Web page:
It's definitely a cut above the Mi Band2 in terms of looks and comfort and on a par with traditional fitness trackers from established US companies, though at a very competitive price. However, the apps of more expensive western vendors are generally quite a bit better with more functionality.

The list price is $99 from the US Amazfit site, but various Asian sites have it available for around £30 including shipping.


Kardia Band - an ECG monitor for your Apple Watch

The Kardia Band is made by AliveCor and is a watch strap for the Apple Watch (it comes in both 38 and 42mm versions). It replaces the standard Apple Watch strap and there's a big chunk of metal in the bottom strap.

To record your ECG place your thumb on the metal blob and your fore-finger onto the other side of your wrist. Run the Kardio app, sit back and RELAX. It's VERY sensitive to any kind of movement. After 30 seconds it will beep and then press save and it will try and filter out your ECG. If you move or there's lots of electric interference it's unlikely you'll get a good reading. Assuming you're not moving around much and the software processes the data, you'll then get a normal (or not) reading and you can scroll through the waveform, like it's been printed on paper and you move along along it.

AliveCor also make a Bluetooth version where you place your fingers on which is actually considerably cheaper and I'd guess gives better readings, but then you have to remember to take it with you or buy their special iPhone cases which wil hold the device.

The Kardia band does work and it's not reported any abnormal heart readings, which is probably a good thing. It's nice that you can take a reading whenever you like (as long as your wearing your Apple Watch), but it's very sensitive to environmental conditions.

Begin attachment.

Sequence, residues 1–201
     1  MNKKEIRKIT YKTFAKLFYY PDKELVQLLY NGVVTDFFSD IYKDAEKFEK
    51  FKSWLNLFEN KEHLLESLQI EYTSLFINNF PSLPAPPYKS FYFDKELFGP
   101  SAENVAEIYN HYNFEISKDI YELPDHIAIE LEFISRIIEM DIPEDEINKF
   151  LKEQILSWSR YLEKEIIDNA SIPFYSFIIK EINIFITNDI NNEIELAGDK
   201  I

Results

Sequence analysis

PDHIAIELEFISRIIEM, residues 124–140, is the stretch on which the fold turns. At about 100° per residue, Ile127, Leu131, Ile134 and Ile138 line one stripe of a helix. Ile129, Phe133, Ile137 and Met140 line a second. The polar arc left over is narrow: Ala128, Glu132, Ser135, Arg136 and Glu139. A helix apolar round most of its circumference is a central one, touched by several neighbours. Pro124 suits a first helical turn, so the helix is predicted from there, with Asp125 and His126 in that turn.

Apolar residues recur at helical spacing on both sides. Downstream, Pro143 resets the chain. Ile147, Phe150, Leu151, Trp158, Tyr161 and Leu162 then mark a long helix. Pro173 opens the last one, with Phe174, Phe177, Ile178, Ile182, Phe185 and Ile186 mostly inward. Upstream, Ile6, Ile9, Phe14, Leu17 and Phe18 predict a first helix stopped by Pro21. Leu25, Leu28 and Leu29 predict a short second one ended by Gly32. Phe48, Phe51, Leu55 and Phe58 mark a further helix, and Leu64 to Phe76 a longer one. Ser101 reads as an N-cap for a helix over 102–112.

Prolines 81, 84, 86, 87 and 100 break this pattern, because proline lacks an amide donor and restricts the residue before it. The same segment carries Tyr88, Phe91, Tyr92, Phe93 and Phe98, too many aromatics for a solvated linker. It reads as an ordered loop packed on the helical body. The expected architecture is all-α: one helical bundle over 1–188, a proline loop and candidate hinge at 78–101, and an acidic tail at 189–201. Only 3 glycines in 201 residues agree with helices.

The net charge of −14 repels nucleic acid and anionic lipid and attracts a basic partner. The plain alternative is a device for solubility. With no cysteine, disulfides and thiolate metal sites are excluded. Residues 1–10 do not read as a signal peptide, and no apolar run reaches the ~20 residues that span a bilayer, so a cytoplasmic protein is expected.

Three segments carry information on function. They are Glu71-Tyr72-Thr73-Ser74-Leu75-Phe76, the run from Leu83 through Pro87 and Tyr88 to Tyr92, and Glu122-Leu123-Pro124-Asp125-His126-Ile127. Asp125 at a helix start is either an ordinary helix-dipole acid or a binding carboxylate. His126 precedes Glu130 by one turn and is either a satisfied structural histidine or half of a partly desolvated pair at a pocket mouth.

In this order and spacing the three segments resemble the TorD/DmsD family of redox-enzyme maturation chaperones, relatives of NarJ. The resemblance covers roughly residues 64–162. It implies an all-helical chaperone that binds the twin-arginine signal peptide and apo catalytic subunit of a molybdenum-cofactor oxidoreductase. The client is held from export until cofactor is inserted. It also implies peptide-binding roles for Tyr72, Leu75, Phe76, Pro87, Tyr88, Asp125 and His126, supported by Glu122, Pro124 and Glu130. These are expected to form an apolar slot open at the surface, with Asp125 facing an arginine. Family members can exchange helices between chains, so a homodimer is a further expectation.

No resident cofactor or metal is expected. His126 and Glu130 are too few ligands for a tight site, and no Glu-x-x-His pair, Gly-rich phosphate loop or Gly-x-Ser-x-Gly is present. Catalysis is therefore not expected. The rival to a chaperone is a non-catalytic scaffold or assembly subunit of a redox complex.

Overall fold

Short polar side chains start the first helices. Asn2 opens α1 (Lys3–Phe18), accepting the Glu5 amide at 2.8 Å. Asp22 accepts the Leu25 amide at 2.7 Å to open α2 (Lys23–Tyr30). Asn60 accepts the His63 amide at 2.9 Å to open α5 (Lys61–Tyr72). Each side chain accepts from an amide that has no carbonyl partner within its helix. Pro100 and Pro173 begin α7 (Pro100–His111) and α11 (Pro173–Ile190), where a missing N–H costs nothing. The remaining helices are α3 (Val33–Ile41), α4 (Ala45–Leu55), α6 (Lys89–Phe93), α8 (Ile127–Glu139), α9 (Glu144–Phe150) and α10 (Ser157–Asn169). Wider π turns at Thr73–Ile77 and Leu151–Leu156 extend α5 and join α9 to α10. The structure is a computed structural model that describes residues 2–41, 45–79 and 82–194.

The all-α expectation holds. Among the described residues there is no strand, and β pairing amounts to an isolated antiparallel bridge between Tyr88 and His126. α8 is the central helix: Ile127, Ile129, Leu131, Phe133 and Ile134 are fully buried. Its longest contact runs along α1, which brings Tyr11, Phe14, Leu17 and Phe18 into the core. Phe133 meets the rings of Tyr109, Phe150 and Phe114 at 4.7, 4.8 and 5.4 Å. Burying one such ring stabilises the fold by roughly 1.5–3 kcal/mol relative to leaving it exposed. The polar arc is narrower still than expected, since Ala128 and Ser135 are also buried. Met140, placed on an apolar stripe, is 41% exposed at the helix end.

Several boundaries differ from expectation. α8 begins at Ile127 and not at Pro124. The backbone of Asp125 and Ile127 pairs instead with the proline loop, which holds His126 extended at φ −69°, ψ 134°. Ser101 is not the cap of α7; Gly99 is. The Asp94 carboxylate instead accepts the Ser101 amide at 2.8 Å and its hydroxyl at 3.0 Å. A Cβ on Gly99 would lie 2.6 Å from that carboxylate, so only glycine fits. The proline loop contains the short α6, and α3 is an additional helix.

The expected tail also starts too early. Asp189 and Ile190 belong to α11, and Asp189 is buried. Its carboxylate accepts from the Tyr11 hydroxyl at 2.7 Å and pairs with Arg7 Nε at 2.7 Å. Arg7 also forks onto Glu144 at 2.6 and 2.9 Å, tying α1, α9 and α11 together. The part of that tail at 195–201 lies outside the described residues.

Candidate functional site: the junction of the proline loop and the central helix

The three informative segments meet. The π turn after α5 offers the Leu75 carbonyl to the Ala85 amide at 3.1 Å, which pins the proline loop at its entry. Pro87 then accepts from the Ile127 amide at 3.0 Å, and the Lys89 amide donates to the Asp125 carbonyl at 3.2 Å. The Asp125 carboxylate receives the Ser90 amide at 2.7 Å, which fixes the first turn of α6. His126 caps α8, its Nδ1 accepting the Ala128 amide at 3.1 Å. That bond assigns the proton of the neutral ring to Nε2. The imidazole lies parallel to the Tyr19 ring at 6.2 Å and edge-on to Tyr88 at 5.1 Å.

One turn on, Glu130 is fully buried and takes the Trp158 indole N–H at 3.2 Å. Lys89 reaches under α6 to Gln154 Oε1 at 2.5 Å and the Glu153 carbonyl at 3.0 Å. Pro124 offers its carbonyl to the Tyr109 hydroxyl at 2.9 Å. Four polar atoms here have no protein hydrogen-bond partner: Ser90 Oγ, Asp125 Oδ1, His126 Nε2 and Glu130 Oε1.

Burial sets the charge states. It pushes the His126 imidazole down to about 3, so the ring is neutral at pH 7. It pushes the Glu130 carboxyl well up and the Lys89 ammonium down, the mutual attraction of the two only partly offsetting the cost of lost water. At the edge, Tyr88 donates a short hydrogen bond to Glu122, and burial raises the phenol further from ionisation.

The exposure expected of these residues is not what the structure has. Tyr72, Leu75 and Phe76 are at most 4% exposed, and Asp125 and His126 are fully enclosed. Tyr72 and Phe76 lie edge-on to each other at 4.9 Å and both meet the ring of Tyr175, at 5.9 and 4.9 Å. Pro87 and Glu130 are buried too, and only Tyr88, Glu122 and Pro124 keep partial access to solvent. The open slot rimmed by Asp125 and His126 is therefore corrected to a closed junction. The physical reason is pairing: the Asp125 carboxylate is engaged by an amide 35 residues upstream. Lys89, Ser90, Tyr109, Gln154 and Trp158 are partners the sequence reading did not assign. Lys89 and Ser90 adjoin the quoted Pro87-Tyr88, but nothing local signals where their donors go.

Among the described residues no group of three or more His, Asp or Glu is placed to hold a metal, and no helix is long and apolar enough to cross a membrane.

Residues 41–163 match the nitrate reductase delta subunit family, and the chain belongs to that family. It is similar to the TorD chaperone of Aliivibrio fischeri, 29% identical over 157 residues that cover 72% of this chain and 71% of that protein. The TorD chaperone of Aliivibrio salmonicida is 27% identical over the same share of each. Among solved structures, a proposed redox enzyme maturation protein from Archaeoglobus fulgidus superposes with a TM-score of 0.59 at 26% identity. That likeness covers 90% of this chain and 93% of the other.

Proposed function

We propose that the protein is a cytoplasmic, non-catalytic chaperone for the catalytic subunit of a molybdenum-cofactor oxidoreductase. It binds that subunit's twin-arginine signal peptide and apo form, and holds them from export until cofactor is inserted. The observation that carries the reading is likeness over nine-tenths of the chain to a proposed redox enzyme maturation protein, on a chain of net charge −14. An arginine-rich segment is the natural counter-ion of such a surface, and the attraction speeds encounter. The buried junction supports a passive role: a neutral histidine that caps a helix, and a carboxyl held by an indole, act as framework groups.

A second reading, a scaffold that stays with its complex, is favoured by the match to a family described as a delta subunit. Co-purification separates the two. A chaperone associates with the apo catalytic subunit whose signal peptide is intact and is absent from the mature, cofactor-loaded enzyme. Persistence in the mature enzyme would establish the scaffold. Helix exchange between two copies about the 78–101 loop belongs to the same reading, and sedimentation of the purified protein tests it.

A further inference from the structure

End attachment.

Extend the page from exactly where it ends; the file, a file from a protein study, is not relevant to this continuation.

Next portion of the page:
The Kardia Band costs £199 in the UK directly from the AliveCor site (it's not available in the US as it's not FDA approved). The watch strap and metal insert have been improved since earliy version when the metal bit tended to fall out.

The Kardia Mobile Bluetooth sensor is available for £99 from AliveCor and is also available in the US.


Hologram - a developer friendly international SIM

Hologram is a US company that offers both a hardware cellular device called a Dash, back-end cloud services and international SIMs that can be used globally.

The Dash is programmable through the Arduino IDE (and is supported out the box in recent versions) and the Dash firmware directly supports Holograms cloud services.

The cloud services know about Dash devices and then various routes can be set, which allow things to be sent to the Dash or from the Dash to another service (like IFTTT, Slack, etc).

The SIM is a standard 2G/3G SIM that can be fitted in a Dash and then be used on any supported mobile network. There are various pricing models with paid plans starting at $0.40 per month with data costing $0.60 / MB (billed by KB) in a pay-as-you-go service or pre-pay: -

DataZone 1Zone 2

There are also US only plans: -


SMSZone 1Zone 2
OUTBOUND (from device)$0.19 / Message$0.30 / Message

Zone 1 is EU, US etc and Zone 2 Canada, bits of Africa/South America and other odd countries.

Hologram have just announced a Developer plan (1 SIM ONLY), which gives 1MB per month absolutely free (and then $0.60 per MB billed by KB) and they'll even ship it for free using code "DEVPLANBLASTOFF" (no quotes).

That's pretty useful so testing the service is easy, without spending a lot of data charges.

The Dash has some pretty nice features too, such as being able to sent program and even firmware updates OTA (though that's going to quickly eat data, especially for firmware updates).